Becoming demented is obviously less than what any of us hope for. Nobody wants to be demented. Yet 2018 stats show 5.7 million Americans are living with dementia, and 50 million people globally, with that number expected to hit 75 million by 2050. The numbers are expected to double every couple decades, not just because baby boomers are aging, but because more and more people are being diagnosed with “younger age dementia” or “early onset dementia.” Younger people are also being diagnosed with “cognitive impairment”—an early symptom of dementia.
So if you think you have symptoms of mild cognitive impairment, whatever your age, don’t wait until you have dementia to do something about it. Do something about it now. Question the common belief that dementia affects only the elderly.
Consider, for example, this young man's experience of a hypoglycemic-induced episode of diabetic dementia. He was smart enough to share it on the forum “Diabetes Mine” at Healthline.com so more people can understand that this happens to people with diabetes.
“So, I beat my wife.
Seriously. I've resorted to spousal abuse twice in the past few years and I can't guarantee it won't happen again. OK, hold on. Before I end up being the subject of police raids or adult protective services calls, maybe I should back up and explain.
Don't worry: there've been good reasons. 1. I thought my wife was an alien trying to poison me with apple cider. If I didn't fight back, she might take over my body and clone me for nefarious alien invasion purposes. 2. She was a secret Communist spy trying to crush my patriotic views of the United States, evidenced by her trying to pin me down to confiscate my American-flag-skin-wearing insulin pump. Both situations led me to slugging her, and once she even came down with an infection after I decided to claw at her in self-defense. I think that was the alien response.
OK, OK.... Maybe I should back up even more. Context might be relevant here. (It might also come in handy if I ever find myself in front of a judge….)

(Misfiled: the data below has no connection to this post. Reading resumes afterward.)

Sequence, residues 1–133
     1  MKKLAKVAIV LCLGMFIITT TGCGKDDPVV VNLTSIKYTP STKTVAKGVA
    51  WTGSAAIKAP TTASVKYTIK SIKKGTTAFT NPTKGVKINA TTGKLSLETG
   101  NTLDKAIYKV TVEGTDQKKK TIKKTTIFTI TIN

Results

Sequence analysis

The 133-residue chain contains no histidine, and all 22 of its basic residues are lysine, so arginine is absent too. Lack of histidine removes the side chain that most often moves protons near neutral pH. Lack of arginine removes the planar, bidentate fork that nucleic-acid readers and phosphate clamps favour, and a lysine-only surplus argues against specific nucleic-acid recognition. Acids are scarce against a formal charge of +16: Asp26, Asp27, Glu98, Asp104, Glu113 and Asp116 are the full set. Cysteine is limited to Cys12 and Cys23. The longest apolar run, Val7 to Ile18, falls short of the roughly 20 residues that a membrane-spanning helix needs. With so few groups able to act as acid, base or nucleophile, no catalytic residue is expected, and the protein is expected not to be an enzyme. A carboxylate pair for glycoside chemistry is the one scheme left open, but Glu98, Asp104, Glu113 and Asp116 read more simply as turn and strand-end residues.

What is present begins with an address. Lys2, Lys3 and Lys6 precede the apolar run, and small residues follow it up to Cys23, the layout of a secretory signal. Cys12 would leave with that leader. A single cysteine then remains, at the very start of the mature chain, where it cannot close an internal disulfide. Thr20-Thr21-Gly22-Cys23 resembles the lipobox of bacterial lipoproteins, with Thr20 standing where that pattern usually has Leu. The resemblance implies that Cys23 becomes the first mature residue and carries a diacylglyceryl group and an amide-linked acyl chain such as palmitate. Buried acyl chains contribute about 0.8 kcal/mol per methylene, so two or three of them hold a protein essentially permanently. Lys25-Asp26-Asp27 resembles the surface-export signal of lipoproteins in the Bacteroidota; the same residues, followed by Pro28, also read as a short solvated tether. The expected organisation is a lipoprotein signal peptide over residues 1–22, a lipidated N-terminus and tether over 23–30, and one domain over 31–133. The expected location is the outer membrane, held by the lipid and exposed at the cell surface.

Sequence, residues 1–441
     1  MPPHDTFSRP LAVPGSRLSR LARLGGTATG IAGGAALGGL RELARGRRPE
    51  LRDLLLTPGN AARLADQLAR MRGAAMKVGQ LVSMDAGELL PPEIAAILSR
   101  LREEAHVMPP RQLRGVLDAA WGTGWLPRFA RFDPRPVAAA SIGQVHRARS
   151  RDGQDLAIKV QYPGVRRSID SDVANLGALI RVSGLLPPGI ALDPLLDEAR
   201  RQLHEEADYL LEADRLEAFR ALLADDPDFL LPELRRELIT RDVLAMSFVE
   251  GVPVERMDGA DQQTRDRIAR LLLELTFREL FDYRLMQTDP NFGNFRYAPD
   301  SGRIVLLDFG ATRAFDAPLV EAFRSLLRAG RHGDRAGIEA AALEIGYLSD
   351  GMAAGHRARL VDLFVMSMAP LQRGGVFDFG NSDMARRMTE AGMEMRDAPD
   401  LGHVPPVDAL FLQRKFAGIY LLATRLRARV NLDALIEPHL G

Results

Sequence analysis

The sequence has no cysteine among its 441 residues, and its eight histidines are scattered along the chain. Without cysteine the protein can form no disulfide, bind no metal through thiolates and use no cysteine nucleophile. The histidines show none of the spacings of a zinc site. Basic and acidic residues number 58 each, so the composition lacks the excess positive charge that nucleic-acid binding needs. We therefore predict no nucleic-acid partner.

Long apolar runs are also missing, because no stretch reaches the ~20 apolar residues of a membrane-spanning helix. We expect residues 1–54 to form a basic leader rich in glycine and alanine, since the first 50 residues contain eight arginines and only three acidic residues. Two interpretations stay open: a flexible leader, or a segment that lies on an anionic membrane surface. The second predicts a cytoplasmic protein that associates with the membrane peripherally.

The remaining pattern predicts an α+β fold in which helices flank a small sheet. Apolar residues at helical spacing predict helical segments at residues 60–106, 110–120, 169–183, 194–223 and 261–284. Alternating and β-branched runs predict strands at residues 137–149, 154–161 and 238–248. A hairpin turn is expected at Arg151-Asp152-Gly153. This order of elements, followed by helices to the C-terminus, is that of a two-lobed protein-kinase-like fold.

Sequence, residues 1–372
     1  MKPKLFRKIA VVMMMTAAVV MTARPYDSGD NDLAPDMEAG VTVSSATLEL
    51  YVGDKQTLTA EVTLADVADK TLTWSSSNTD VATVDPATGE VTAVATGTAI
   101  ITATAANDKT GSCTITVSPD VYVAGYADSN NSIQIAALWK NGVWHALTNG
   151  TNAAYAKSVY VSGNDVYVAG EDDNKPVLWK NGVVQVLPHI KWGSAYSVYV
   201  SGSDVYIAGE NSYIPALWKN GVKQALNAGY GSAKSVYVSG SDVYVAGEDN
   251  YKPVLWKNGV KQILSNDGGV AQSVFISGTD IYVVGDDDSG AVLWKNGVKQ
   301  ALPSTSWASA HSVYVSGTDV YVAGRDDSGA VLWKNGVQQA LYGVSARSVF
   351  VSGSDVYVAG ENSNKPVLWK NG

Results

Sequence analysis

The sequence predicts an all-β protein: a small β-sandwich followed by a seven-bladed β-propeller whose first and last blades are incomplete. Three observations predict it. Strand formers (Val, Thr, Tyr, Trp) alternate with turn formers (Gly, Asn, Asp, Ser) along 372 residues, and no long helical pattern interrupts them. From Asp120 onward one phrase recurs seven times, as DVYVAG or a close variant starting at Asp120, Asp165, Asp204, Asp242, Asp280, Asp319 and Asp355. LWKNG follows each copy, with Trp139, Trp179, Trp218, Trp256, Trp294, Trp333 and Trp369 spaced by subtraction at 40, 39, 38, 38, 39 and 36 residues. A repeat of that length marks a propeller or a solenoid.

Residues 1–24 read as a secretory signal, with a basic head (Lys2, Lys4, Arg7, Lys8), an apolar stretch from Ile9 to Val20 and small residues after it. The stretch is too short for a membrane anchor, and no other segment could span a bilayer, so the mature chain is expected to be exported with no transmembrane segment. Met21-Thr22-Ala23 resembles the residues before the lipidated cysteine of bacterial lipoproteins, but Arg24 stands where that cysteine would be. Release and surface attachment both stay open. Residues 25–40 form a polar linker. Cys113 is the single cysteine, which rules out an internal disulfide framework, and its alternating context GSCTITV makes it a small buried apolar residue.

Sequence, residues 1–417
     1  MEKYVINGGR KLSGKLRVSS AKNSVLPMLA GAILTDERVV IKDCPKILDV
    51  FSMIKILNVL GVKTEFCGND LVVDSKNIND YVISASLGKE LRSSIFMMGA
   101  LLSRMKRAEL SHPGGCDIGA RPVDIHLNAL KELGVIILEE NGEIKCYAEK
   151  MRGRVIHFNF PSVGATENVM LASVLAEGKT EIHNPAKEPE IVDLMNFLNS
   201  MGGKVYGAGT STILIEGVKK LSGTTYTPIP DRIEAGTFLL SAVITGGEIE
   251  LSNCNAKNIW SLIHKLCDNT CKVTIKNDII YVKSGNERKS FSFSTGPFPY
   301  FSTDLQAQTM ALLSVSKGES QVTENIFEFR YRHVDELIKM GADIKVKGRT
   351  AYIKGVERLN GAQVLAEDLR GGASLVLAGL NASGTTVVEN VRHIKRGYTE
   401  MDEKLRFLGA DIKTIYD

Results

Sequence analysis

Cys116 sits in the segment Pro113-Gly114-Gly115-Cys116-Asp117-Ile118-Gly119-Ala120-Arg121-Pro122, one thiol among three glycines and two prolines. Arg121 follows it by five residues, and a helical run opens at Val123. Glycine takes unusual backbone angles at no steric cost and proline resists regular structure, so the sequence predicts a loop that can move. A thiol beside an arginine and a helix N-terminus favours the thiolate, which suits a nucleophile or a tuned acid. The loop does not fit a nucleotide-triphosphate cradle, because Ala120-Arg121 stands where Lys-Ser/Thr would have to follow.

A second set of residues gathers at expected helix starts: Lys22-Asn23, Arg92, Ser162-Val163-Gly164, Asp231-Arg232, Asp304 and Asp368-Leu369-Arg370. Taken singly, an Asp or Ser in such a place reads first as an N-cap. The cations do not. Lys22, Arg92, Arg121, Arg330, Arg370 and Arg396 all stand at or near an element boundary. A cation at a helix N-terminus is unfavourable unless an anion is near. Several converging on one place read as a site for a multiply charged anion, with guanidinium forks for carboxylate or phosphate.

You see, I'm one of those people living with type 1 diabetes who sometimes has violent, irrational hypoglycemic reactions. They take away all sense of reality and toss me into what seems like a sci-fi movie script.”
The physiological connection between aggressive delusional behavior and blood sugar dysregulation is revealing. As the brain loses its constant and consistent supply of blood glucose, the brain begins to dysfunction. And as the brain loses function, and the person loses a sense of Self, the bodymind defaults to the brain stem’s adrenaline-driven fight or flight response. It’s as if the situation at hand were a sudden loss of blood to the brain that occurs when one is bleeding to death, triggering a primal response to fight for one’s life driven by the primitive hindbrain and a massive release of cortisol into the bloodstream. Without healthy blood sugar regulation, you end up with someone acting like they’re being attacked by a tiger when they’re not, or someone behaving like they’re really, really drunk, delusional and out of their mind. If this inflammatory blood glucose crisis happens over and over for years and years, it can cause permanent brain damage, and the person can develop permanent diabetic dementia. This is why some doctors are starting to call Alzheimer’s disease diabetes type-3.